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Case: 17-13261 Date Filed: 05/29/2019 Page: 1 of 11 [PUBLISH] IN THE UNITED STATES COURT OF APPEALS FOR THE ELEVENTH CIRCUIT ________________________ No. 17-13261 ________________________ D.C. Docket No. 1:16-cv-04469-SCJ S&M BRANDS, INC., Plaintiff – Appellant, versus STATE OF GEORGIA EX REL., Christopher M. Carr, Attorney General, Defendant – Appellee. ________________________ Appeal from the United States District Court for the Northern District of Georgia ________________________ (May 29, 2019) Before TJOFLAT and ROSENBAUM, Circuit Judges, and UNGARO, * District Judge. * Honorable Ursula Ungaro, United States District Judge for the Southern District of Florida, sitting by designation. Case: 17-13261 Date Filed: 05/29/2019 Page: 2 of 11 TJOFLAT, Circuit Judge: S&M Brands, Inc., a tobacco producer, appeals the dismissal of its suit against the State of Georgia. In its complaint for declaratory and injunctive relief, S&M pleaded several constitutional and state-law violations based on Georgia’s scheme of tobacco regulation. Georgia moved to dismiss, and the District Court granted the motion, dismissing the complaint on the grounds that its allegations did not amount to constitutional violations and its state-law claims were barred by sovereign immunity. After thorough consideration, and with the benefit of oral argument, we affirm the dismissal of S&M’s complaint. I. Every tobacco producer that operates in Georgia is licensed to do business via one of two routes. Many of the producers are parties to the Master Settlement Agreement (“MSA”), a 20-year-old omnibus settlement between the tobacco industry and most U.S. states, including Georgia. KT & G Corp. v. Att’y Gen. of State of Okla., 535 F.3d 1114, 1118–19 (10th Cir. 2008); see generally Nat’l Ass’n of Att’ys Gen., Master Settlement Agreement (1999) (hereinafter “MSA”). These producers—the “participating manufacturers,” or PMs—are saddled with ongoing obligations under the MSA, including a collective payment obligation of billions of dollars per year, in exchange for the states’ releasing them from liability for state public-health expenditures caused by cigarette smoking. MSA §§ I, II(jj). 2 Case: 17-13261 Date Filed: 05/29/2019 Page: 3 of 11 Other producers—the “non-participating manufacturers,” or NPMs—did not sign the MSA, do not make payments to the states, and could potentially be sued in the future if they incur liability for the states’ public-health costs. Since NPMs may become liable, Georgia requires them to self-insure by contracting with an escrow agent to establish an escrow fund into which they pay a set amount per cigarette sold. O.G.C.A. § 10-13-3(2)(A). Otherwise, an NPM could make short-term profits, rack up liability to the state, and then become judgment-proof before the state could recover its public-health expenditures. Id. § 10-13-1(f). PMs are not required to self-insure; their liability is already settled, and they are contractually required to make payments. Id. § 10-13-3. NPM escrow funds are governed by the requirements of Georgia’s escrow statute, which is implemented and enforced by the Attorney General. Id. § 10-133(2)(C). The principal funds deposited are available to pay judgments on or settlements of claims like those settled in the MSA. Id. § 10-13-3(2)(B)(i). If not paid to the state, the funds are returned to the NPM after 25 years. Id. § 10-133(2)(B)(iii). The interest and other returns on the invested deposits are paid to the NPM as earned. Id. § 10-13-3(2)(B). NPMs must make several quarterly and annual certifications, including that they have complied with the escrow statute and that their funds are governed by a compliant escrow agreement that has been reviewed and approved by the Attorney General. Id. §§ 10-13-3(2)(C), 10-13A3 Case: 17-13261 Date Filed: 05/29/2019 Page: 4 of 11 3(d)(2). The Attorney General has exercised his review and approval authority by requiring that each NPM use a model escrow agreement drafted by his office. 1 The Attorney General’s model escrow agreement includes investment class restrictions for escrow funds: only cash, a money-market fund, and U.S. Treasury securities are permitted investments. Noncompliance with the escrow statute or the Attorney General’s requirements can lead to a statewide ban on sales of the NPM’s products. O.G.C.A. §§ 10-13A-4(b), 10-13A-5. S&M Brands is an NPM and has operated in Georgia for decades. From the signing of the MSA and imposition of the two-route scheme until 2016, S&M performed its obligations under the escrow statute. Back then, the escrow statute did not impose any restrictions on escrow fund investments; the restrictions came solely from the Attorney General’s prerogative to deny approval to NPM escrow agreements, informed by the State’s general policy of seeking to ensure a source of recovery from potential-defendant NPMs. In 2016, the General Assembly amended the escrow statute, adding a provision that requires the value of the 1 This requirement raises a thorny question of Georgia administrative law: does the Attorney General have discretion to refuse to approve an escrow agreement that meets all the substantive requirements of the escrow statute? Answering that question would require a thorough inquiry into Georgia’s Administrative Procedure Act and the caselaw interpreting it. But this issue is not before us—the District Court dismissed S&M’s claim raising this point, and S&M has not appealed that ruling—so we will operate under the assumption that the Attorney General’s review-and-approval authority allows him to require a specific form agreement. 4 Case: 17-13261 Date Filed: 05/29/2019 Page: 5 of 11 escrow fund not to diminish below the amount paid into it. 2 2016 Ga. Laws 529– 30. To implement this amendment, the Attorney General’s office modified its form escrow agreement, changing the list of permitted investments for escrow funds. Formerly, escrow monies could be invested in any U.S. Treasury securities; under the new model agreement, any U.S. Treasury securities bought with escrow funds must mature in no more than 20 years, although alreadypurchased securities may be kept until they mature or are sold. S&M sued to enjoin the Attorney General from requiring it to use the revised escrow agreement. The District Court dismissed the case, and this appeal followed. We affirm. II. A. S&M alleges that the investment restrictions in the revised escrow agreement reduce the returns it can expect to earn on its escrow money, and the Attorney General’s imposition of the new restrictions (pursuant to the statutory amendment) is a “Law impairing the Obligation of Contracts” within the meaning 2 The statute is ambiguous as to what would be required if the value of the escrow investments were to dip below the amount of principal deposited. If this were to happen, then presumably the NPM could not certify that its escrow fund was compliant; it would have to make up the difference by depositing additional funds in order to so certify. But the statute makes no express provision for supplemental deposits, and whether such deposits could be required (and how they would be administered) is an open question. The Attorney General’s policy seems to be to try to avoid the question by requiring minimally risky investments. 5 Case: 17-13261 Date Filed: 05/29/2019 Page: 6 of 11 of the Contract Clause. It also alleges that several differences between how the escrow statute is administered for NPMs and how MSA payments are administered for PMs violate the Fourteenth Amendment’s Equal Protection Clause. Finally, it alleges that it is owed a release of some excess escrow funds due to having paid more than is required by state law. We start with S&M’s Contract Clause claim. The Contract Clause protects contracting parties’ reasonable contractual expectations against unreasonable abrogation by the states. The threshold inquiry is whether the law “operate[s] as a substantial impairment of a contractual relationship” involving the plaintiff. Allied Structural Steel Co. v. Spannaus, 438 U.S. 234, 244, 98 S. Ct. 2716, 2722 (1978). If an industry is already heavily regulated, regulatory changes that abrogate industry players’ contract rights are less likely to be considered substantial impairments. Energy Reserves Grp., Inc. v. Kan. Power & Light Co., 459 U.S. 400, 413, 103 S. Ct. 697, 705 (1983). And when the subject matter of the contract itself is already subject to state regulation, the substantial-impairment case is even weaker. Veix v. Sixth Ward Bldg. & Loan Ass’n, 310 U.S. 32, 38, 60 S. Ct. 792, 795 (1940). Here, S&M’s escrow agreement does not give rise to any reasonable contractual expectations that implicate the Contract Clause. Every term of the old model escrow agreement was specifically dictated by the Attorney General as a 6 Case: 17-13261 Date Filed: 05/29/2019 Page: 7 of 11 condition of approval under O.G.C.A. § 10-13A-3(d)(2). It is hard to say that such a contract could give rise to any reasonable contractual expectations that would implicate the Clause, at least vis-à-vis the state that dictated the terms. 3 Georgia does not strip itself of police power when it regulates by requiring private parties to contract. Nor does the Contract Clause ossify the state’s regulatory scheme in these circumstances; the general rule, that states can exercise the police power to supersede old regulations, prevails. 4 So S&M has not plausibly alleged a Contract Clause violation. B. On to S&M’s Equal Protection claim. S&M alleges that it is similarly situated to the PMs, who are also required to pay money into escrow, and that Georgia is discriminating against them in favor of the PMs with no rational basis and in a way that burdens their fundamental right of free speech. Our threshold inquiry in an Equal Protection case is whether the plaintiff and the proposed comparator are similarly situated, since the Equal Protection Clause requires that 3 The analysis could, of course, be different if the State were a party to the contract, rather than a mere beneficiary. We do not mean to suggest that the State cannot bind itself by contract to limit some of its own powers. See U.S. Tr. Co. v. New Jersey, 431 U.S. 1, 23–24, 97 S. Ct. 1505, 1518 (1977). 4 “One whose rights, such as they are, are subject to state restriction, cannot remove them from the power of the state by making a contract about them. The contract will carry with it the infirmity of the subject-matter.” Hudson Cty. Water Co. v. McCarter, 209 U.S. 349, 357, 28 S. Ct. 529, 531–32 (1908). 7 Case: 17-13261 Date Filed: 05/29/2019 Page: 8 of 11 “persons similarly situated . . . be treated alike.” City of Cleburne v. Cleburne Living Ctr., 473 U.S. 432, 439, 105 S. Ct. 3249, 3254 (1985); see also Dawson v. Scott, 50 F.3d 884, 892 (11th Cir. 1995). If the plaintiff has not been treated differently than a similarly situated comparator, no Equal Protection violation exists. Dawson, 50 F.3d at 892. Here, S&M Brands and the other NPMs are not similarly situated to the PMs with respect to the challenged provisions of law. The PMs have settled their liability to the state; S&M and the NPMs have not. The PMs need not establish an insurance fund, since Georgia has contract remedies available if a PM fails to make an MSA payment. S&M makes much of the fact that MSA payments are administered via an escrow system with different investment restrictions than those applicable to NPMs. But the NPM and PM escrow systems are not comparable: NPM escrow money stays in escrow for 25 years and then returns to the NPM unless taken to pay a claim, while PM payments stay in escrow for only a few days or weeks while the monies owed to each state are apportioned. The role of escrow is different in PM and NPM regulation, so Georgia may impose different requirements on PM and NPM escrow accounts without violating equal protection. All the provisions S&M challenges under the Equal Protection clause—the investment restrictions, the quarterly rather than annual deposit schedule, the 8 Case: 17-13261 Date Filed: 05/29/2019 Page: 9 of 11 registered-agent and surety-bond requirements, and the delisting sanction for noncompliance with the escrow statute—are provisions with respect to which PMs and NPMs are not similarly situated. So S&M has not plausibly alleged an Equal Protection violation.5 C. S&M’s final claim is for a violation of state law; specifically, S&M claims that the Attorney General was required to release escrow funds to it because it paid more into escrow than it was required to under O.C.G.A. § 10-13-3(2)(B)(ii). The District Court dismissed this claim under Rule 12(b)(1) for lack of jurisdiction. Because the claim is barred by state sovereign immunity, we affirm. State sovereign immunity limits federal court jurisdiction. Seminole Tribe of Fla. v. Florida, 517 U.S. 44, 54, 116 S. Ct. 1114, 1122 (1996). Some suits requesting injunctive or declaratory relief against state officials are not considered suits against the state and thus are not barred by sovereign immunity. Ex parte 5 S&M contends on appeal that its Complaint also states a standalone First Amendment claim. We disagree. S&M makes one conclusory allegation of a First Amendment violation in ¶ 114 of its Complaint; this is insufficient on its own to survive a motion to dismiss. See Ashcroft v. Iqbal, 556 U.S. 662, 678, 129 S.Ct. 1937, 1949 (2009). S&M argues on appeal that the facts it pleaded show that Georgia is either 1) coercing it to sign the MSA and thus waive its First Amendment rights or 2) neutralizing the effect of its commercial speech by imposing economic disadvantages on it that are not imposed on the PMs. But neither of these theories are plausibly supported by factual allegations in S&M’s Complaint. S&M has not alleged that it would be better off economically if it joined the MSA, a necessary component of its coercion theory. Nor has S&M alleged that the restrictions are sufficiently tied to its speech to support a claim on its neutralization theory. So S&M has not stated a First Amendment claim. 9 Case: 17-13261 Date Filed: 05/29/2019 Page: 10 of 11 Young, 209 U.S. 123, 159–60, 28 S.Ct. 441, 454 (1908) (injunctive relief); Verizon Md., Inc. v. Pub. Serv. Comm'n of Md., 535 U.S. 635, 646, 122 S. Ct. 1753, 1760 (2002) (declaratory relief). But when the claim of entitlement to relief is based on a violation of state law, sovereign immunity applies. Pennhurst State Sch. & Hosp. v. Halderman, 465 U.S. 89, 121, 104 S. Ct. 900, 919 (1984). And conclusory allegations that the same conduct that violates state law also violates the U.S. Constitution will not boost the claim over the sovereign-immunity bar. DeKalb Cty. Sch. Dist. v. Schrenko, 109 F.3d 680, 688 (11th Cir. 1997). Schrenko’s facts are on point. There, a school district sought reimbursement from the state of Georgia for transportation costs. Id. at 684–85. The entitlement to and amount of reimbursement were determined by a state statute. Id. at 688. Although the school district referenced the Fourteenth Amendment and federal statutory law in its complaint, its claim necessarily relied on a determination that state officials had not complied with state law. We thus held the claim barred by sovereign immunity. Id. at 690. Here, S&M’s claim is that Georgia is required to release escrow funds back to it. Georgia’s obligation to do this comes from state law; specifically, O.C.G.A. § 10-13-3(2)(B)(ii), which provides for release of excess escrow funds in the event an NPM deposits more than it would have paid in MSA payments were it a PM. S&M claims that this is really a constitutional claim, since the refusal to release 10 Case: 17-13261 Date Filed: 05/29/2019 Page: 11 of 11 funds serves to coerce it to give up its First Amendment rights and constitutes a Fifth Amendment taking. We don’t buy it. Here, as in Schrenko, the obligation to release (or reimburse) funds comes from state law. The proper release amount is determined by state law. Accordingly, the “gravamen of [the] complaint appears to be that the State has improperly interpreted and failed to adhere to a state statute,” and Pennhurst bars such claims. Id. at 688. We affirm the dismissal of S&M’s statelaw claim. For the foregoing reasons, the dismissal of S&M Brands’ Complaint is AFFIRMED. 11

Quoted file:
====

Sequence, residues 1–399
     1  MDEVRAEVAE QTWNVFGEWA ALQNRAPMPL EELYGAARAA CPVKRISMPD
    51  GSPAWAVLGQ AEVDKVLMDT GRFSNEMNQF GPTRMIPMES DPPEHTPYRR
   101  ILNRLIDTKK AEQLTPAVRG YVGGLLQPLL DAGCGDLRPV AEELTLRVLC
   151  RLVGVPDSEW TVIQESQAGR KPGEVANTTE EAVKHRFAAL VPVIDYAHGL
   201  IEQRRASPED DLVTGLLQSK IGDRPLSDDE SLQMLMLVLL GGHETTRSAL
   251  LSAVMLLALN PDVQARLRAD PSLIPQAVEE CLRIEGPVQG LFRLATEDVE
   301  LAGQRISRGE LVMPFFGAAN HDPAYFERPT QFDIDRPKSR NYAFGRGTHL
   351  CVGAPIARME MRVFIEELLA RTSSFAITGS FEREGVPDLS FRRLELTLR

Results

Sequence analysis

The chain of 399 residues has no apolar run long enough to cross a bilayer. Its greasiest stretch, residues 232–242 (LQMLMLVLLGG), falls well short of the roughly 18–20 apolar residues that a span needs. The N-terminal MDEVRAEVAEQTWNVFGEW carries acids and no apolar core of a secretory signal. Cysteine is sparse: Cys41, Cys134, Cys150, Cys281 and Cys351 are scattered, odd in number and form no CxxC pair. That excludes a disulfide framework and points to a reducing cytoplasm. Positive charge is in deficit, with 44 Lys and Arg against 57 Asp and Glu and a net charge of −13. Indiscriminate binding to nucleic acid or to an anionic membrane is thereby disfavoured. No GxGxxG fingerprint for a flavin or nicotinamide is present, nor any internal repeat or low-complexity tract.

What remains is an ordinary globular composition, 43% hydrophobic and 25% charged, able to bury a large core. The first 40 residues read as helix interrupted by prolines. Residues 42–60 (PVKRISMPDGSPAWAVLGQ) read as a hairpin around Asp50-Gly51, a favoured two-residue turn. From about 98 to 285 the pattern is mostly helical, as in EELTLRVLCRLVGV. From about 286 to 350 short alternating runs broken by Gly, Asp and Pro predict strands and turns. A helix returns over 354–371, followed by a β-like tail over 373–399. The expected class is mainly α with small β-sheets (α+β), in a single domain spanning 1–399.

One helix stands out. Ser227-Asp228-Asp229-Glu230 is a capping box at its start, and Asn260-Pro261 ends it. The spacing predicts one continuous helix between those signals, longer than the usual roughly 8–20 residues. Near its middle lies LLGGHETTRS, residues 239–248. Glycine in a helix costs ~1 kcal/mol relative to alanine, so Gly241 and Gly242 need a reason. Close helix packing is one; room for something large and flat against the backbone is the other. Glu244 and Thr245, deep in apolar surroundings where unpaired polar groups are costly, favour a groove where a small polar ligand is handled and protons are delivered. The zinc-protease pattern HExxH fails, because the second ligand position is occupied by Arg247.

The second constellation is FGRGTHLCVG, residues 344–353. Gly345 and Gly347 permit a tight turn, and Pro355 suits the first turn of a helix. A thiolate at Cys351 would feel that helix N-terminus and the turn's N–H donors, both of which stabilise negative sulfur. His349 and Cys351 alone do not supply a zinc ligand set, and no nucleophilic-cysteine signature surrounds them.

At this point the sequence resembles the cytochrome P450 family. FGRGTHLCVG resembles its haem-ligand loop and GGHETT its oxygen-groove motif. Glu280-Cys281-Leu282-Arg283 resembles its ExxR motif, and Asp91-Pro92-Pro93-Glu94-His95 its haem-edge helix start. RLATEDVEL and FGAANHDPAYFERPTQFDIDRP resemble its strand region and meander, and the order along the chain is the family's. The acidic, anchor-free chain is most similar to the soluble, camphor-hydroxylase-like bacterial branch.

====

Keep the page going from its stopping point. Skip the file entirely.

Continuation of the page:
Primary Holding

The Eleventh Circuit affirmed the district court's dismissal of S&M's complaint for declaratory and injunctive relief against the State of Georgia, challenging several constitutional and state-law violations based on Georgia's scheme of tobacco regulation.